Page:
Pinagua Project Background
Pinagua, small town near Oropesa, has an economy largely supported by agriculture and a community that maintains a basic standard of living. Unlike other nearby towns, Pinagua doesn’t have access to services for education, health, or related programs. Project manager, Luz Chapi, explained how especially women in the community live in the margins because they have very few options for making a livable income. After talking with the women – many of whom know staff through their after school programming for children – Picaflor House decided to create a project that would empower women with greater financial independence.
Women in the area predominantly exist as housewives who are dependent on their husbands for resources. Most men in the community are contract workers who have temporary jobs that produce an inconsistent income. When income from their husbands is absent, women depend on farming and caring for their animals to survive. Their only option to get money during these times is through selling meat or crops at the market in Oropesa.
Why Guinea Pigs?
Eight families in Pinagua were selected to participate in the women’s empowerment program based on feedback staff had received from women who were eager to work hard to improve their situations. The area has a high demand for guinea pig (or cuy), which is considered a culinary delicacy in the Sacred Valley region of Peru. In collaboration with the community, the project was designed to assist women in raising and selling cuyes.
A group of WECO volunteers from Portland, Oregon came mid-way through the building portion to work a couple of days with the community and lead a financial literacy workshop to teach women basic budgeting skills. The workshop was the first training women in the area had ever had, and will be part of an ongoing support structure in financial management. Ten women attended (including women who expressed interest in joining the program as it expands), and the workshop was translated into both Spanish and Quechua.
We know from research on economic empowerment how supporting women enriches entire communities because of how women tend to distribute earnings around their families and for social betterment. For this community of women, the empowerment project is critical in providing tools that will help them start their businesses. Women in Pinagua will have more control over their food production and income, and will receive guidance and support with business development and financial management. Future trainings will include workshops on gender equality, animal care techniques, market selling, and self-esteem and confidence-building.
WECO co-founders, Rebecca and Jenny, sat down with Luz, and community members, Erlinda and Juana, to have a conversation about how the cuy project carries impact for women in the community. In addition to this project, Luz works with Picaflor House on their after school youth programs, and she was a key force behind the creation of the project in Pinagua. Luz acted as the WECO translator and guide, and speaks English, Spanish, and Quechua.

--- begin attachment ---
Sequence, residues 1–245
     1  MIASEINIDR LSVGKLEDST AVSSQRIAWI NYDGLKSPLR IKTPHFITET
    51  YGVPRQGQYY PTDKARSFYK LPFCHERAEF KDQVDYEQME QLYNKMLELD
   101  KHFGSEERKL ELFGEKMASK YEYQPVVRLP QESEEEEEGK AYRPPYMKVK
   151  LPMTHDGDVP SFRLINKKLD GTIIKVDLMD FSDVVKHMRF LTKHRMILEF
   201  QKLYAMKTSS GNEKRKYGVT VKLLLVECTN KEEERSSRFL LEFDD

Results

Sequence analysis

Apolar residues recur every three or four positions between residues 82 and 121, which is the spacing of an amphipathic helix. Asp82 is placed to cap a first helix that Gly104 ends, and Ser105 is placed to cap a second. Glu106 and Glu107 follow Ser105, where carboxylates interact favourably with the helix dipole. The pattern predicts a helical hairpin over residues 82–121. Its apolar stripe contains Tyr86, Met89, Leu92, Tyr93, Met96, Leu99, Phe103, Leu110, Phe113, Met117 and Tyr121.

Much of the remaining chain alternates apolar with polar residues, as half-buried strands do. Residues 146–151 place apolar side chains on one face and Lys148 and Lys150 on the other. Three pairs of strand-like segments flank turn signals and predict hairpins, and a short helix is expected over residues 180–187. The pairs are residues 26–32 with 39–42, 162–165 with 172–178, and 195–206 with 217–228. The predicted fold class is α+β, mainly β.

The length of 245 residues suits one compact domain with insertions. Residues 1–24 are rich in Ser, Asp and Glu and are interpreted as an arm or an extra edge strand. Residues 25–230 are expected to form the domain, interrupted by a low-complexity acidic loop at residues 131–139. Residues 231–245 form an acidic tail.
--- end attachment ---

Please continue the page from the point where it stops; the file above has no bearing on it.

Juana’s cuy building is 90% finished and will serve as space for two pens: one for her and one for her daughter, so they each will have their own separate businesses. The space will be divided with adobe bricks and the roof will be mended so cuyes will stay warm during the rainy season and colder months. Juana expressed gratitude over and over for the opportunity to be more than a housewife. The space will allow her and her daughter to improve their lives and depend less on unreliable income from their spouses. It will also keep them from having to kill or sell their other animals when they need money.
Erlinda discussed how having a cuy business will help her support herself and her young family, as her husband doesn’t consistently bring in money. In the past she felt disrespected and neglected by her husband, on whom she was completely dependent. Raising cuyes will give her more reliability in income and in caring for her family, as well as more options for her future. Unlike before, when she wasn’t allowed to be involved in decision-making about finances, she will now be in complete control of funds from her cuy business. In essence, it will give her greater freedom to make healthy financial decisions along with more financial stability. A goal of future trainings is to support women like Erlinda in understanding their rights so they can have better standing in the community along with higher self-confidence.
So far, four families have started construction with funding assistance from WECO. Four more families are on a waiting list while other funding streams are explored by project staff. During WECO’s trip to Pinagua, there was additional interest from families in other areas around the community. Some of the interested women showed up to the financial literacy training to learn more about how they could get involved.
Once the first four families are up and running, Picaflor House plans to continue to expand the project so more women can have their own businesses.